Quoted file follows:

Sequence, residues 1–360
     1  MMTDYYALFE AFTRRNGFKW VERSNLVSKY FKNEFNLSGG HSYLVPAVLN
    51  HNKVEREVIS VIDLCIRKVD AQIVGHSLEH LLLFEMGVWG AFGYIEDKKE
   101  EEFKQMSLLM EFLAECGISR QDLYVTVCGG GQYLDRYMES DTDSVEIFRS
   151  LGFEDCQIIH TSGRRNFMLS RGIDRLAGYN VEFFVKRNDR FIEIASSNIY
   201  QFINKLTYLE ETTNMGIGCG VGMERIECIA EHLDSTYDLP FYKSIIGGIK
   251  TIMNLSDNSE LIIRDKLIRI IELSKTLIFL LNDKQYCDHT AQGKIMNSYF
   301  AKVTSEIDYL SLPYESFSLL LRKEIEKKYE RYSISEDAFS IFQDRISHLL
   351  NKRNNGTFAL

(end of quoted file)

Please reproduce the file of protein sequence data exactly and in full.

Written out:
Sequence, residues 1–360
     1  MMTDYYALFE AFTRRNGFKW VERSNLVSKY FKNEFNLSGG HSYLVPAVLN
    51  HNKVEREVIS VIDLCIRKVD AQIVGHSLEH LLLFEMGVWG AFGYIEDKKE
   101  EEFKQMSLLM EFLAECGISR QDLYVTVCGG GQYLDRYMES DTDSVEIFRS
   151  LGFEDCQIIH TSGRRNFMLS RGIDRLAGYN VEFFVKRNDR FIEIASSNIY
   201  QFINKLTYLE ETTNMGIGCG VGMERIECIA EHLDSTYDLP FYKSIIGGIK
   251  TIMNLSDNSE LIIRDKLIRI IELSKTLIFL LNDKQYCDHT AQGKIMNSYF
   301  AKVTSEIDYL SLPYESFSLL LRKEIEKKYE RYSISEDAFS IFQDRISHLL
   351  NKRNNGTFAL